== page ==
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No Need for a Referendum

In any event, we do not see the need for a referendum on changing the term limits law.

On Tuesday, three Queens councilmen — John Liu, David Weprin and Eric Gioia — introduced Intro. 850, legislation that closes the loophole that allows a Council vote to extend term limits by another term. If that happens, the city's 8 million citizens would be given the opportunity to vote on changing the law before the Council could consider it.

This bill contradicts Intro. 845, spearheaded by Brooklyn Councilman Simcha Felder, that would effectively change the law to allow three terms rather than two. Felder's bill recognizes no need for a referendum.

Surveys show the public supports changing the law, but the Queens council members believe the measure would be defeated in a general vote. Felder has received more discretionary funds from the mayor's office than any other candidate.

Councilman Tony Avella strongly supports term limits. "It is the height of arrogance and hypocrisy [by the mayor] to overturn the will of the people," he said. "Unfortunately, I think it will pass in the City Council." Avella is running for mayor and his chances of winning will all but disappear if Bloomberg gets to run again.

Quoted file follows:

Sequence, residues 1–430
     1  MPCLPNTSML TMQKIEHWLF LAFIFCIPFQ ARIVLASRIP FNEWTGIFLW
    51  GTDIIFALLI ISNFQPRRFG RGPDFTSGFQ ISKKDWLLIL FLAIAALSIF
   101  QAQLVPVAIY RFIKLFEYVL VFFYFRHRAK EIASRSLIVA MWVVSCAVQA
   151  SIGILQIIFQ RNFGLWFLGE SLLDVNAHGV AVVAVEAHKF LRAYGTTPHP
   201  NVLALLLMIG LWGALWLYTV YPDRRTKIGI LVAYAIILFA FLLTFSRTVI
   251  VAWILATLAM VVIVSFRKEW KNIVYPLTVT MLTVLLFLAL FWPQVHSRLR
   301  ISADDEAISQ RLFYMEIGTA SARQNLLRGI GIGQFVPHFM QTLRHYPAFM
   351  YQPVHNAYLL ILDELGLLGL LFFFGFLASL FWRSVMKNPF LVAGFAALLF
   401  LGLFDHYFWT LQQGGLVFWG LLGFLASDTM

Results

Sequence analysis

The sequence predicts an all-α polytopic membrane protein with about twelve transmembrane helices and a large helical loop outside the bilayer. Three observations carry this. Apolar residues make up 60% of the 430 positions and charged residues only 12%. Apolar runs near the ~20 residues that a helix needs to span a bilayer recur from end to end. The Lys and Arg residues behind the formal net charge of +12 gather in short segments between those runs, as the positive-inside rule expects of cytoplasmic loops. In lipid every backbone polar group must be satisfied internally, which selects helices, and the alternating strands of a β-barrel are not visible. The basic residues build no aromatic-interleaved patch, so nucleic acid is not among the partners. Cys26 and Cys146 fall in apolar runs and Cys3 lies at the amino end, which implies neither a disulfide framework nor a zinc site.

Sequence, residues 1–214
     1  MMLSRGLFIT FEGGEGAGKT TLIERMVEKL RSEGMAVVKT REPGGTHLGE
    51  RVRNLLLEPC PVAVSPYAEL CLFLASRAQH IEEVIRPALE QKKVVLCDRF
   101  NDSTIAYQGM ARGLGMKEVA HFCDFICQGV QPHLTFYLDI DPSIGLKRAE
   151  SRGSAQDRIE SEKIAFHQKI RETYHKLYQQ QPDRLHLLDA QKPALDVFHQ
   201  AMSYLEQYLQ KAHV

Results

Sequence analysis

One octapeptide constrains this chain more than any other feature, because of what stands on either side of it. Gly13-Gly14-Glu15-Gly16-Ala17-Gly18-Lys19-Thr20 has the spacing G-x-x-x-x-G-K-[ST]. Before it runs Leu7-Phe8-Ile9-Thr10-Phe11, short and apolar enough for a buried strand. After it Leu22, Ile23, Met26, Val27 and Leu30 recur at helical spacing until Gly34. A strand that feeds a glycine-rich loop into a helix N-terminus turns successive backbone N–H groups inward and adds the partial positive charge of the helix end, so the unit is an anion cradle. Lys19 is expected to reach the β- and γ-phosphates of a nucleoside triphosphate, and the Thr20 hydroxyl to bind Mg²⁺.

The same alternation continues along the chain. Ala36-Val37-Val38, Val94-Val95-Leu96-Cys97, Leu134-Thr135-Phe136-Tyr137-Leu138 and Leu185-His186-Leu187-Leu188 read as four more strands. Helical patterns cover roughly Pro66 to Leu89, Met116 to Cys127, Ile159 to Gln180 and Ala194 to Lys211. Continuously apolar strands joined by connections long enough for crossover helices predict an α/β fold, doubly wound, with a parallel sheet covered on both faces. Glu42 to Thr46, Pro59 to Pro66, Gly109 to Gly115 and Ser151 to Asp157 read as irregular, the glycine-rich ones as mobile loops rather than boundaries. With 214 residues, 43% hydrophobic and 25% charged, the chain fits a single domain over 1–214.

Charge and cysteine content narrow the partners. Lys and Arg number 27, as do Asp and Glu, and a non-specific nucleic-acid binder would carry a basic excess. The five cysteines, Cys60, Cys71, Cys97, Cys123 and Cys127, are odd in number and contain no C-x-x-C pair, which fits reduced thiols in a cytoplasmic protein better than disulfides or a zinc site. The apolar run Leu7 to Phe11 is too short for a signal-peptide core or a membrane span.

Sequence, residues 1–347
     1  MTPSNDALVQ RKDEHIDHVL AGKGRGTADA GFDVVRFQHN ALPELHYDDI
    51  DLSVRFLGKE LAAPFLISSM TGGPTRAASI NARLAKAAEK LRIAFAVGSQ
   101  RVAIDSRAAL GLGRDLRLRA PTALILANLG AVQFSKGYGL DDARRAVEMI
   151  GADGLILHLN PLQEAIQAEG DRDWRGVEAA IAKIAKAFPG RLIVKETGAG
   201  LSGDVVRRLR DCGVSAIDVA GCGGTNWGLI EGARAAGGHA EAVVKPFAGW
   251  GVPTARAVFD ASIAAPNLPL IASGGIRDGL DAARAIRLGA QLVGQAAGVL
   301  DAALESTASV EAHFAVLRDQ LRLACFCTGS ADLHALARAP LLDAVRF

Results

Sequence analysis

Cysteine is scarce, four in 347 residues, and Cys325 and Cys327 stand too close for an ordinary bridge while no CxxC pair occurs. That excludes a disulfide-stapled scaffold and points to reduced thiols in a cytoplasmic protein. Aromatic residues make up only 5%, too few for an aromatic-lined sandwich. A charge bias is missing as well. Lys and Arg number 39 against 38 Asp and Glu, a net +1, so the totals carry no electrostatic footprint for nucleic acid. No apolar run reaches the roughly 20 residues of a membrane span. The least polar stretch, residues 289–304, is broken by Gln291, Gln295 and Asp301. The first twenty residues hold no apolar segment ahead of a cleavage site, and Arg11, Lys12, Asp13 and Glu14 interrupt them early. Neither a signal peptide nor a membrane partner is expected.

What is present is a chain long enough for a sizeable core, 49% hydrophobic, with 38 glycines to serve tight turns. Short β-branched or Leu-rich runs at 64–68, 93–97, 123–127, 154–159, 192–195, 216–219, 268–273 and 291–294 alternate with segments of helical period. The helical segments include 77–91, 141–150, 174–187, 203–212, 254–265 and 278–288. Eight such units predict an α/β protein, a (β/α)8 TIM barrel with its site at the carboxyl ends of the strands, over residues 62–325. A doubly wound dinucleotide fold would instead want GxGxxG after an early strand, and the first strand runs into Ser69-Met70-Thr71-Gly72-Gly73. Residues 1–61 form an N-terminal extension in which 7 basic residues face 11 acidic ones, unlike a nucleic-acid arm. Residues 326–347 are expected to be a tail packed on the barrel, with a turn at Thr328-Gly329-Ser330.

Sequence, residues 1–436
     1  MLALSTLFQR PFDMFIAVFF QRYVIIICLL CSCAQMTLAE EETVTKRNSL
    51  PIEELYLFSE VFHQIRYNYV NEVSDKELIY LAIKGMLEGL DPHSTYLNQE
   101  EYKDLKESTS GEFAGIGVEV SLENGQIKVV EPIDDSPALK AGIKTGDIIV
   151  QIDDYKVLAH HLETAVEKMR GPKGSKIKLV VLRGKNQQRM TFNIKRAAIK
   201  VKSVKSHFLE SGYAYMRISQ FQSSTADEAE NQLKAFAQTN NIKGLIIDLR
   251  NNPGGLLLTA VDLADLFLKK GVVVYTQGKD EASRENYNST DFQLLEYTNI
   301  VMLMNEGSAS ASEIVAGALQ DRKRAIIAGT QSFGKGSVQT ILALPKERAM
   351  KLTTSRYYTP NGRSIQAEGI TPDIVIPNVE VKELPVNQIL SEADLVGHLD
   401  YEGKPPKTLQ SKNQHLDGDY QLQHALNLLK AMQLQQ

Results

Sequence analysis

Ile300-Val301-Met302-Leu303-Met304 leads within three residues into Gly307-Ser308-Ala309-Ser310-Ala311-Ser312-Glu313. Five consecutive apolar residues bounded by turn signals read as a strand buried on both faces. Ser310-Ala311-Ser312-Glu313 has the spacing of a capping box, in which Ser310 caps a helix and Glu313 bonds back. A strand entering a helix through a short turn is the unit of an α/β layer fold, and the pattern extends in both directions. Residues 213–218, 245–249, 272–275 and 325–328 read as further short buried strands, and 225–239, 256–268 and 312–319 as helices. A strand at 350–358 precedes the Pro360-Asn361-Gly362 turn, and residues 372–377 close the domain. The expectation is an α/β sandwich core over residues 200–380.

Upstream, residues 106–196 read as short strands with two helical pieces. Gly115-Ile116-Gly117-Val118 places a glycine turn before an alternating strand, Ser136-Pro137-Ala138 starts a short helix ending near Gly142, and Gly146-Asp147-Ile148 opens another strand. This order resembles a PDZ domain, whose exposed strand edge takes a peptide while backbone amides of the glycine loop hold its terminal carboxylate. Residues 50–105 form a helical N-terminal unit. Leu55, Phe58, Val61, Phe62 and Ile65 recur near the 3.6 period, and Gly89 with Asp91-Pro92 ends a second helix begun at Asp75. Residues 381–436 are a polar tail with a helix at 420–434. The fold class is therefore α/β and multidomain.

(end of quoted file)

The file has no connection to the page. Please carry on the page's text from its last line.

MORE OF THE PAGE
Councilman James Gennaro agrees: "The issue of extending term limits has gone to the people twice through public referendum and any revisiting of the issue should go back to the people. If brought before the Council, I would uphold the will of the people and vote no."

But all this seems to imply that the Council does not represent the "will of the people." If that is the case, why should the Council exist at all? Why not put every bill up for a referendum?

The call for a referendum appears to be nothing more than a waste of time and tax dollars. The Council members have had opportunity to comment on the bill. Now, as the representatives of their districts, they should show some backbone and vote.

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